There is no single formulation for an “estoppel certificate” provision in a lease. Many prefer that a lease include a form of estoppel as an exhibit. That makes good sense, though it is rarely seen. Organizations with a lot of leases should consider developing a standard, fair form of estoppel and try to have that attached to every lease. If successful, the lease file should contain a “red-lined” comparison copy of the actual lease exhibit to the standard company form. Reference to that comparison copy will guard against the person completing the estoppel “assuming” she or he already knows what information is being called for based on familiarity with the organization’s own form.

Without doubt, accepting the obligation to furnish an estoppel is a burden and the benefit to the certificate giver isn’t immediately apparent. Basically, it is part of the deal. It is just the cost of doing business. Reciprocity of the obligation may seem like “the benefit,” but it has to be conceded that most tenants will never need or request one. On the other hand, very few lease obligations seem to have an immediate benefit. Paying rent is such an example. It would be nice not to be required to pay rent, but that (too) is part of the deal. So, don’t gripe about the work it takes.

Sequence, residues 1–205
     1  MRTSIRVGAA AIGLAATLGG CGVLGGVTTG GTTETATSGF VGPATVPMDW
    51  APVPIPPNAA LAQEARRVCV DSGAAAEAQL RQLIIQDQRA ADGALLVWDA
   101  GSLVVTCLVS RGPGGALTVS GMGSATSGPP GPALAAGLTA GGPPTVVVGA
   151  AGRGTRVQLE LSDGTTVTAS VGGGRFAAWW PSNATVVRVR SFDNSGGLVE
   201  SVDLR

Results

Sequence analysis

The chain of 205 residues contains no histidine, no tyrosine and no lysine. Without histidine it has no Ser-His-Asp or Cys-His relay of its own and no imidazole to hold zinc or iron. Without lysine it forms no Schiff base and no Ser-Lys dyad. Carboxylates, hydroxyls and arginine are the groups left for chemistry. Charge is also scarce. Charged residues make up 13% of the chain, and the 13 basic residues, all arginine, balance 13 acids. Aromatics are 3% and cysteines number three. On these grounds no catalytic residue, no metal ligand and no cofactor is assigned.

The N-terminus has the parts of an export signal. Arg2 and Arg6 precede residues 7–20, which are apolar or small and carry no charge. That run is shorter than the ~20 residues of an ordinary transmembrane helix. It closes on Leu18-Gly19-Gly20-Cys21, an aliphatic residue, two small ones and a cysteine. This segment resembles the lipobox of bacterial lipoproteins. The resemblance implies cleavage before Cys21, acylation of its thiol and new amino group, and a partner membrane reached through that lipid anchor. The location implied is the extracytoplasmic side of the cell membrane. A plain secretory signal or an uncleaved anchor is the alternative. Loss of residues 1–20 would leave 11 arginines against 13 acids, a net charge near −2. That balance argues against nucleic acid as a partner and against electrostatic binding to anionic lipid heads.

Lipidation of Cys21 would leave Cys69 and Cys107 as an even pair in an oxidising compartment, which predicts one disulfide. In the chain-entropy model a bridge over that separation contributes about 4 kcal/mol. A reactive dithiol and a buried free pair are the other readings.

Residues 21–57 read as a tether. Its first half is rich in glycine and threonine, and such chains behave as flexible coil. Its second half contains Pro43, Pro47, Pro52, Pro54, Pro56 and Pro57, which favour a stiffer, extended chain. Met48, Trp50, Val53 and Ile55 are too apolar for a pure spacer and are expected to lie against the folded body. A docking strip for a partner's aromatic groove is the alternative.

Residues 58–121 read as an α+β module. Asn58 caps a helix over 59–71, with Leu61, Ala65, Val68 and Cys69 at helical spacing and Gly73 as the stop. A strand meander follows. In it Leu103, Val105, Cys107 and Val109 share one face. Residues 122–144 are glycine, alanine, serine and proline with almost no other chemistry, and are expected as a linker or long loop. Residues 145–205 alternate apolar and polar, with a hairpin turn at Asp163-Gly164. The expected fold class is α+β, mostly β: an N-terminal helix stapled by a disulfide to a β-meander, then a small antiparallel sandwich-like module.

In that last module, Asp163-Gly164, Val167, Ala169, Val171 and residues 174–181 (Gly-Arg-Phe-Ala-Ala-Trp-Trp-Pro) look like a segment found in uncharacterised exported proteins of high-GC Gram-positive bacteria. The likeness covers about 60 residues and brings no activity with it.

If no other point has yet been brought home, keep this one in mind. The statements in an estoppel will be treated as true even if they weren’t. So, it is important for there to be no light between what an estoppel statement says and the actual facts. For that and other good reasons, the task of preparing an estoppel should not be kicked around the office or given to the last name added to the payroll. The recipient of the certificate deserves a quality response. The giver, with a few clicks of the keyboard, is binding itself to its words. Just as with other important tasks, experience matters.